In fact, the puzzling acquisition of the Washington Post by Amazon’s CEO Jeff Bezos only makes in the frame of the subscription model, as revealed in a recent article from the Columbia Journalism Review. In the article, Bezos is quoted as mentioning the “gifts the Internet gave us” as driving his strategy, while linking financial success with engagement with readers:
Throughout two days of meetings, Bezos worked to reassure journalists that “the values of the Post don’t need changing,” while at the same time indicating that this would be a very different era at the paper—one focused on the kind of growth and obsession with the customer that have defined Amazon. The unstated purpose of Bezos’ visit was to convince the Post newsroom, its readers, and the wider media world that these two cultures were compatible.
That last sentence captures the virtuous cycle of the subscription model quite well. But the Bezos-era Washington Post’s strategic ties to the subscription model become even clearer later in the same article:
Beginning in March, [the Washington Post] announced a partner program that now gives free access to the Post’s website and mobile apps to the subscribers of nearly 100 newspapers around the country, including The Dallas Morning News, the Minneapolis Star-Tribune, and The Denver Post. Not only does this program give the Post huge potential market penetration at very little cost, but it turns audience that might otherwise be fly-by users into logged-in, data-rich subscribers. The Post now talks of expanding the program to any type of subscription service that consumers may have, making the newspaper that was once “For and about Washington” into the high-quality, paywall-free national newspaper of every subscriber to services like Netflix or Spotify or, yes, Amazon Prime.
Essentially, Bezos appears to be attempting to leverage the new subscription-based infrastructure of the Digital Age for his revamped newspaper.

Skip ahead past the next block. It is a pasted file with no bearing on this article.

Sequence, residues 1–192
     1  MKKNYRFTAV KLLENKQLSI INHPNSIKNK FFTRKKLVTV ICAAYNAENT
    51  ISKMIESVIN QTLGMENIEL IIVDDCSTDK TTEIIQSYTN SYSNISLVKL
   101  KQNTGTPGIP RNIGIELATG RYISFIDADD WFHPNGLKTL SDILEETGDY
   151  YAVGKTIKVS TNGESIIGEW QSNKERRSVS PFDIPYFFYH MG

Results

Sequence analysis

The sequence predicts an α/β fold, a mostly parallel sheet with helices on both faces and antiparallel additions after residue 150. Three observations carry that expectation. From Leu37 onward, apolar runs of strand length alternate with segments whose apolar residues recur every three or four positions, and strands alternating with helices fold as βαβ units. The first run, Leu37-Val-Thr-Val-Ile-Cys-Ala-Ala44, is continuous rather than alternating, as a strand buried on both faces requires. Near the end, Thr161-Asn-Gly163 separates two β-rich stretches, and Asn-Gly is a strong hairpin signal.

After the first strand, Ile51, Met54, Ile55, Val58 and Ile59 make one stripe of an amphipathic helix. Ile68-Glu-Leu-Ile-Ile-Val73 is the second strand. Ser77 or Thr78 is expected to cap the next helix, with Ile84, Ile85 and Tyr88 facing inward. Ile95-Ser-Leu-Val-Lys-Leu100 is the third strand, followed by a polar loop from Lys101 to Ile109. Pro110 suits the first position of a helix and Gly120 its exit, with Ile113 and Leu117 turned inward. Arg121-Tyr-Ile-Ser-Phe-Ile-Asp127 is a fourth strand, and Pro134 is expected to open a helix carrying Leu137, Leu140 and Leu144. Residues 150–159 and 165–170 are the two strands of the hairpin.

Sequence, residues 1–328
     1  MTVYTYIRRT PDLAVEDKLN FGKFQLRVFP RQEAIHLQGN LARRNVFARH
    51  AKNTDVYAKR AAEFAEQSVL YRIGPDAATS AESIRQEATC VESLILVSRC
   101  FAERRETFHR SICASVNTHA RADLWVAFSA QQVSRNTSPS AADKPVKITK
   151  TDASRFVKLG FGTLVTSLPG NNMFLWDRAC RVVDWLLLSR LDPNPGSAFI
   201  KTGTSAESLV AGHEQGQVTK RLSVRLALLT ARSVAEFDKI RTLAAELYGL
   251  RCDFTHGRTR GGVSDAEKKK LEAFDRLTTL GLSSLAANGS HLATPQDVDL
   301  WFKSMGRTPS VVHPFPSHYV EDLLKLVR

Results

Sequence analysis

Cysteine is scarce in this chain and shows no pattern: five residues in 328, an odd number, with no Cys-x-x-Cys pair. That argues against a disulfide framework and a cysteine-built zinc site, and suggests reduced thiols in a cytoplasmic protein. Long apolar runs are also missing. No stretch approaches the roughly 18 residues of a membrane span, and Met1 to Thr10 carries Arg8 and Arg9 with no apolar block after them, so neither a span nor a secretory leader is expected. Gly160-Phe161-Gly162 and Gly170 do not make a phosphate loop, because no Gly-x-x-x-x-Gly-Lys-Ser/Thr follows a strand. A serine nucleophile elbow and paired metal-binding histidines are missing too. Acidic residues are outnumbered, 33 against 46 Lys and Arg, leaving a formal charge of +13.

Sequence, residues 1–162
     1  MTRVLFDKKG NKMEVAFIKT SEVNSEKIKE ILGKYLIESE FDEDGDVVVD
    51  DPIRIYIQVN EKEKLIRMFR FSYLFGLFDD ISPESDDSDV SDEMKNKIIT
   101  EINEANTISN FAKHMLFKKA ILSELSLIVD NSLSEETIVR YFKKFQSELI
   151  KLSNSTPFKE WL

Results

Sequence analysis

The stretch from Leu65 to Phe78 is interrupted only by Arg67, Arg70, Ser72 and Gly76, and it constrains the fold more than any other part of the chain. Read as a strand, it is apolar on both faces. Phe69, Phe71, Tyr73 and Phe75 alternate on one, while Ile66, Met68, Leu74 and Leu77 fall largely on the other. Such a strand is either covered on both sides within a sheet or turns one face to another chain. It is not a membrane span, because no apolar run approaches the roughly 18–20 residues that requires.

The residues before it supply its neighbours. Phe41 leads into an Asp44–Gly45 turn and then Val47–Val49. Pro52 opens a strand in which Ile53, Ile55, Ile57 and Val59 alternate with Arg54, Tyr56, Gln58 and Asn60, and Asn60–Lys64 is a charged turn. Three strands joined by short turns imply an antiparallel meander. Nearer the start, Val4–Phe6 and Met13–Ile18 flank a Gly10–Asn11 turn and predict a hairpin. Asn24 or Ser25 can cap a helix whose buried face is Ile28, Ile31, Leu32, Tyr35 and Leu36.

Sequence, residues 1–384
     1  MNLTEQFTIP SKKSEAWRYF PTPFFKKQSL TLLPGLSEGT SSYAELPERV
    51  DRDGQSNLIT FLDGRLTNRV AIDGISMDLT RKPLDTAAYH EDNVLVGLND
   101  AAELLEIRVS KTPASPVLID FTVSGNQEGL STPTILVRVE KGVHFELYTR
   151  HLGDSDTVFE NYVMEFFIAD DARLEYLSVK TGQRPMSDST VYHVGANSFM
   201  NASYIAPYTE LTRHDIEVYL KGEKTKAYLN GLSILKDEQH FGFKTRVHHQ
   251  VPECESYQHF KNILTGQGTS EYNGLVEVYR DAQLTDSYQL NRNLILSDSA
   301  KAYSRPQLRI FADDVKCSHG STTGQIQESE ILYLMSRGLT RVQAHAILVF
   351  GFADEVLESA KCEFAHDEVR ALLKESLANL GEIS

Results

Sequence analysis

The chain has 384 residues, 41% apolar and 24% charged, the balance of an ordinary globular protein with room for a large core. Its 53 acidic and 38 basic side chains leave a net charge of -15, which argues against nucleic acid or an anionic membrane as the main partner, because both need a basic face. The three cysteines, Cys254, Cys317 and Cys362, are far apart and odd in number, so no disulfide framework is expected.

It’s worth noting that I found this article through The Browser, a subscription-based online curation site for excellent writing. I gladly paid its annual subscription price when asked because they do such a good job, and because they have implemented Readability in a manner that allows me to send selected articles to my Kindle at no extra charge. I can find great essays and timeshift them to my nightstand with a click. That’s worth $2/month to me.
Why does the subscription model work so well?
For readers, it works well because it gives them a stake in the content creation process. Readers and users are the customers, and satisfying them becomes a major issue for content publishers. Editors become more focused on reader needs, and for good reasons. In fact, paying directly gives readers viable claims on editors’ time. This is important. The subscription model also gives users and readers legitimate position to complain about intrusions from other revenue streams — if advertising is inappropriate or too intrusive; if sponsored content becomes obnoxious and confusing.
The subscription model lowers costs for each subscriber, as well. By spreading the costs over the largest-available audience, each member pays less.
For content publishing businesses, the subscription model works well because it has long-term viability — and because when it fails, it fails quickly (or “fails fast” to use the jargon of the day). Every business works better when the vicissitudes of supply and demand are smoothed out, and when risk is spread across many sources of variability. The subscription model does both of these things well.
By amortizing the cost of acquisition over a multi-year period, the subscription model cements a relationship between producers and consumers. It also incentivizes long-term value creation and a focus on end-user needs. It provides publishers with stable revenues from a diverse set of customers, reducing the risk posed by single points of failure, which can occur with issues like customer concentration (a few big contracts) or low barriers to competition (as may be occurring among various OA outlets). It also provides the largest purchasing pool possible, as consuming information is much more common than producing it.
The benefits of the subscription model have even proven irresistible to OA businesses. PeerJ‘s model has as much in common with the subscription model as it does with the APC model. Additionally, OA business approaches that tie institutional subscription or membership (which is a form of subscription) to OA discounts also rely on the subscription model. The two are often tied together in some way, mainly to mitigate the risk associated with the ad hoc revenues associated with OA publishing.